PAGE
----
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MILITARY

Report confirms ‘one-week defence’ analysis

A new academic report has thrown its weight behind the statement by commander-in-chief Sverker Göranson who recently said Sweden could only fend off an invasion for maximum one week.

Report confirms 'one-week defence' analysis

“Can We Defend Ourselves For a Week?” the Royal Swedish Academy of War Sciences (Kungliga Krigsvetenskapsakademin) asked in the title of its report, published this week.

The report echoed comments made by armed forces chief Göranson in the media in early January, when he said the country would only be able to hold off an attack for “about a week”, following repeated cuts to the defence budget.

Göranson has since been on sick leave for exhaustion.

The Academy’s study, conducted in 2011 and 2012, supported his analysis of the situation.

“We think the military does not have a credible ability to defend all of Sweden,” the report authors noted.

“In the event of a possible attack against Sweden, we would always need help from abroad.”

Göranson’s comments in January, timed in advance of the annual defence conference People and Defence (Folk och Försvar) in the ski resort of Sälen, reignited the debate about Sweden’s potential membership of Nato.

The report this week called for greater analysis of whether Sweden had the foreign backup needed in case of conflict.

“We think that the authorities should rapidly study the conditions and possibilities of obtaining such assistance,” it read.

“So that any potential crisis in the Baltic region can quickly be resolved, thereby avoiding any act of war from being undertaken.”

The Academy highlighted a lack of personnel, logistic capacity to supply troops, anti-air defence, anti-tank weapons and aircraft.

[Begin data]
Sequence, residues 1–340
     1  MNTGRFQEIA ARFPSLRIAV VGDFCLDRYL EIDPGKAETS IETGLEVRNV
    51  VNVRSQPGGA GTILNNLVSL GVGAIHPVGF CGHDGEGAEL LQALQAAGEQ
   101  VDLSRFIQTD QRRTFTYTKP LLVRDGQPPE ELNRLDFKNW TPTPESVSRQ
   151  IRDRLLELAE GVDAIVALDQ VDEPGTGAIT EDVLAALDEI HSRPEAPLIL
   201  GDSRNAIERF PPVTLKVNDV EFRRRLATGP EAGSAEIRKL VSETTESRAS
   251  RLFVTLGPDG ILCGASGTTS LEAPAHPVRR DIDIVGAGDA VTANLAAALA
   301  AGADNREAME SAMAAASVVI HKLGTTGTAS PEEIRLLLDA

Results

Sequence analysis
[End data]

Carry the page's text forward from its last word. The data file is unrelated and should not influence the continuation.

It further noted that the Swedish military’s increased engagement on foreign missions had shifted the focus away from domestic defence.

The report singled out the Baltic Sea island of Gotland, located between southern Sweden and Latvia, as particularly strategic and vulnerable.

It said, however, that “the military’s capacity for international operations is good, even excellent.”

In Sweden’s 2013 budget, the defence allowance accounts for only 1.2 percent of gross domestic product, a level that has been in continuous decline. In 2007, it was 1.5 percent.

AFP/The Local/at

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SWEDEN AND RUSSIA

Sweden joining Nato ‘no problem for Russia’

Russia has "no problem" if Finland and Sweden join Nato, President Vladimir Putin said on Wednesday.

Sweden joining Nato 'no problem for Russia'

“We don’t have problems with Sweden and Finland like we do with Ukraine,” Putin told a news conference in the Turkmenistan capital of Ashgabat.

“We don’t have territorial differences. There is nothing that could bother us about Sweden and Finland joining Nato. If Finland and Sweden wish to, they can join. That’s up to them. They can join whatever they want.”

However, “if military contingents and military infrastructure were deployed there, we would be obliged to respond symmetrically and raise the same threats for those territories where threats have arisen for us,” Putin said.

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Sweden and Finland have both decided to apply to join Nato after Russia launched its military operation in pro-Western Ukraine on February 24. The formal process for membership was launched at the Nato summit in Madrid on Wednesday.

Until now, Russia had always been critical of the prospect of the two Nordic countries joining the alliance, saying it would be a “destabilising factor” for international security. Putin nevertheless condemned Nato’s “imperial ambitions”, accusing the alliance of seeking to assert its “supremacy” through the Ukraine conflict.

“Ukraine and the well-being of Ukrainian people is not the aim of the collective West and Nato but a means to defend their own interests,” Putin said. “The Nato countries’ leaders wish to… assert their supremacy, their imperial ambitions.” 

The Atlantic alliance and “above all the United States have long needed an external enemy around which they can unite their allies,” the Russian leader said. “Iran wasn’t good for that. We’ve given them this opportunity… to gather the whole world around them.”

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